J = reshape(kmeans(I(:),3),size(I));

Note that K-means result is “noisy”

K-means: summary

- Algorithmically, very simple to implement
- K-means converges, but it finds a local minimum of the cost function
- Works only for numerical observations
- K is a user input; alternatively BIC (Bayesian information criterion) or MDL (minimum description length) can be used to estimate K
- Outliers can considerable trouble to K-means

K-medoids Clustering

- K-means is appropriate when we can work with Euclidean distances
- Thus, K-means can work only with numerical, quantitative variable types
- Euclidean distances do not work well in at least two situations
- Some variables are categorical
- Outliers can be potential threats

- A general version of K-means algorithm called K-medoids can work with any distance measure
- K-medoids clustering is computationally more intensive

K-medoids Algorithm

- Step 1: For a given cluster assignment C, find the observation in the cluster minimizing the total distance to other points in that cluster:
- Step 2: Assign
- Step 3: Given a set of cluster centers {m1, …, mK}, minimize the total error by assigning each observation to the closest (current) cluster center:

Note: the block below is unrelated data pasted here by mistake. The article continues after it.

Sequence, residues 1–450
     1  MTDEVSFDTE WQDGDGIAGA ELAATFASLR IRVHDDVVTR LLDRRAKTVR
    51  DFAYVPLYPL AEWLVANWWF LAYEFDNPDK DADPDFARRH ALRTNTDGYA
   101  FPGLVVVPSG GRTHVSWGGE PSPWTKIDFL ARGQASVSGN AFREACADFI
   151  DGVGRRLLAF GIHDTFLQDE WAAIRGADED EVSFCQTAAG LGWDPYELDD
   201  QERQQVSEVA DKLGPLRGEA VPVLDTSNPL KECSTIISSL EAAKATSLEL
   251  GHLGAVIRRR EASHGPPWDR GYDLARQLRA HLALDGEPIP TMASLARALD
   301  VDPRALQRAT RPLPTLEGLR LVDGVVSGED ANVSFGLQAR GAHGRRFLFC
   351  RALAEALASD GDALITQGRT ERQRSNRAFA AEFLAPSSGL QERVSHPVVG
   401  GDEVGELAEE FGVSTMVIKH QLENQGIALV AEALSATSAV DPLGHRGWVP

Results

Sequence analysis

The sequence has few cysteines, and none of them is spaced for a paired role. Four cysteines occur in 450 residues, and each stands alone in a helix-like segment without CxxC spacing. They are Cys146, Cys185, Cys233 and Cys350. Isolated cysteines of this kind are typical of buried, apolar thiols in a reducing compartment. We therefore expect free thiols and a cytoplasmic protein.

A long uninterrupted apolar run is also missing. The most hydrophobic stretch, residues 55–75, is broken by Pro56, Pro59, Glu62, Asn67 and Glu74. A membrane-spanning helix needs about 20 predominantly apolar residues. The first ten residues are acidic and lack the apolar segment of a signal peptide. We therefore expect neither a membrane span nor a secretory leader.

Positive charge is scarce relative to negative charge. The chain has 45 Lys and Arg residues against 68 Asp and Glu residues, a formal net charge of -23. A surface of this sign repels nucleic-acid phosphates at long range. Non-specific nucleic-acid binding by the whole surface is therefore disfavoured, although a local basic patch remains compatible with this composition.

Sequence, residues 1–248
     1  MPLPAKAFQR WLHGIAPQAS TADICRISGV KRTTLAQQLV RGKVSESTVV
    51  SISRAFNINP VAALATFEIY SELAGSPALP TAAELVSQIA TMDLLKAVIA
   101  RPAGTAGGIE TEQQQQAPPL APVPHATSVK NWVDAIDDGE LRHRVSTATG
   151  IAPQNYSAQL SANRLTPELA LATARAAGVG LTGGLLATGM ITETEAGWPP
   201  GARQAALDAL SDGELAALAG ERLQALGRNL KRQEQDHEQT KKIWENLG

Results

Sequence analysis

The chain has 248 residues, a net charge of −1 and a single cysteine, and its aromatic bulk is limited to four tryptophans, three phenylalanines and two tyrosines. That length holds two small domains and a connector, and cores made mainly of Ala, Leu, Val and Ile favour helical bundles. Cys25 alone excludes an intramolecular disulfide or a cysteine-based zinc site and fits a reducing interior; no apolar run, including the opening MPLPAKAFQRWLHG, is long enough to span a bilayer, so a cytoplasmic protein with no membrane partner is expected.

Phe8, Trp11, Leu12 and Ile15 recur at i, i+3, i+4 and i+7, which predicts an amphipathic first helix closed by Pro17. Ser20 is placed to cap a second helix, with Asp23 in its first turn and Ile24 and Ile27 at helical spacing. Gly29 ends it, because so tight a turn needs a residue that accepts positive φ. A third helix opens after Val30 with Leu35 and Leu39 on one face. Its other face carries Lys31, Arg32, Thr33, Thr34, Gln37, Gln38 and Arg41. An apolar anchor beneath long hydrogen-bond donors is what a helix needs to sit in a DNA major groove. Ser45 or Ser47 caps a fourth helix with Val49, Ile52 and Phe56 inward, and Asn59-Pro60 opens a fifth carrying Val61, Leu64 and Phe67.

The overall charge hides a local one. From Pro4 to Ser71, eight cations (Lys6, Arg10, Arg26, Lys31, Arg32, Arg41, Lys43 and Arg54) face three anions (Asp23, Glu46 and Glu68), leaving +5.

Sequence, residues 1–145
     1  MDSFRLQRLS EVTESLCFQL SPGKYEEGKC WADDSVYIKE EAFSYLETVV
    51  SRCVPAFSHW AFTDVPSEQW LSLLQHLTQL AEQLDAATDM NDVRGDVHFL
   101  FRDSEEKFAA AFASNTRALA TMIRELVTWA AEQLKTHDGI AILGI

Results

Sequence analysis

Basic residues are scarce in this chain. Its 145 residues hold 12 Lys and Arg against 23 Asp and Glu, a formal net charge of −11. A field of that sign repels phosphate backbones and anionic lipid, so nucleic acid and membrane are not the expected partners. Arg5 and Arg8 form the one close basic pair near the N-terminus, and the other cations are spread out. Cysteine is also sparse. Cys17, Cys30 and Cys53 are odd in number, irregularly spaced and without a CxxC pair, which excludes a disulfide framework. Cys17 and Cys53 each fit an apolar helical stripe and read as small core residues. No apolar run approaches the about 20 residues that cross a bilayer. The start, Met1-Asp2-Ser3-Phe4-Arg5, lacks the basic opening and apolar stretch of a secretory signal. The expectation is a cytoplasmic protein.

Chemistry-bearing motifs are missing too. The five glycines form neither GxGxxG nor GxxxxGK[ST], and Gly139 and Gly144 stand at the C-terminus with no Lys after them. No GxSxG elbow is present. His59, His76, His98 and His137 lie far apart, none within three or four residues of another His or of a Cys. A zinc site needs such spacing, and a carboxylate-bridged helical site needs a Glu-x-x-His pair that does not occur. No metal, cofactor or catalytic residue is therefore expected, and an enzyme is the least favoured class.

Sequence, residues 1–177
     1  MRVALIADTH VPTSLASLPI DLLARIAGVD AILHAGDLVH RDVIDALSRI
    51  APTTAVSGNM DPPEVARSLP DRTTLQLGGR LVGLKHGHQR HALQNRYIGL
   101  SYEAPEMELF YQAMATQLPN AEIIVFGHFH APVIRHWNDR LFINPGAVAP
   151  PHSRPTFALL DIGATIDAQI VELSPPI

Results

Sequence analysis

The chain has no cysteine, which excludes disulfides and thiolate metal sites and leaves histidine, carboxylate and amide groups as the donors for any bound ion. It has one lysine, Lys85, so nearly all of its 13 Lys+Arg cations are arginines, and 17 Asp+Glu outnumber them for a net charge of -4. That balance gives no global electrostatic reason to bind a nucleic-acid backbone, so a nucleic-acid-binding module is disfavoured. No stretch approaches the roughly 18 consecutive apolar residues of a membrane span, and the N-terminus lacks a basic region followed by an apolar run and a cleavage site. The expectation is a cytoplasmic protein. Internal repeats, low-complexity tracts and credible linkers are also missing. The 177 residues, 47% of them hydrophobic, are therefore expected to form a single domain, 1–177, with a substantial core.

- Iterate steps 1 to 3

K-medoids Summary

- Generalized K-means
- Computationally much costlier that K-means
- Apply when dealing with categorical data
- Apply when data points are not available, but only pair-wise distances are available
- Converges to local minimum

Choice of K?

- Can WK(C), i.e., the within cluster distance as a function of K serve as any indicator?
- Note that WK(C) decreases monotonically with increasing K. That is the within cluster scatter decreases with increasing centroids.
- Instead look for gap statistics (successive difference between WK(C)):

Choice of K…

Data points simulated

from two pdfs

Gap curve

Log(WK) curve

This is essentially a visual heuristic

Vector Quantization

- A codebook (a set of centroids/codewords):
- A quantization function:
- K-means can be used to construct the codebook

Often, the nearest-neighbor function

Image Compression by VQ

0.5 bits/pixel,

using 4 codewords

8 bits/pixel

1.9 bits/pixel,

using 200 codewords

Otsu’s Image Thresholding Method

- Based on the clustering idea: Find the threshold that minimizes the weighted within-cluster point scatter.
- This turns out to be the same as maximizing the between-class scatter.
- Operates directly on the gray level histogram [e.g. 256 numbers, P(i)], so it’s fast (once the histogram is computed).

Otsu’s Method…

- Histogram (and the image) are bimodal.
- No use of spatial coherence, nor any other notion of object structure.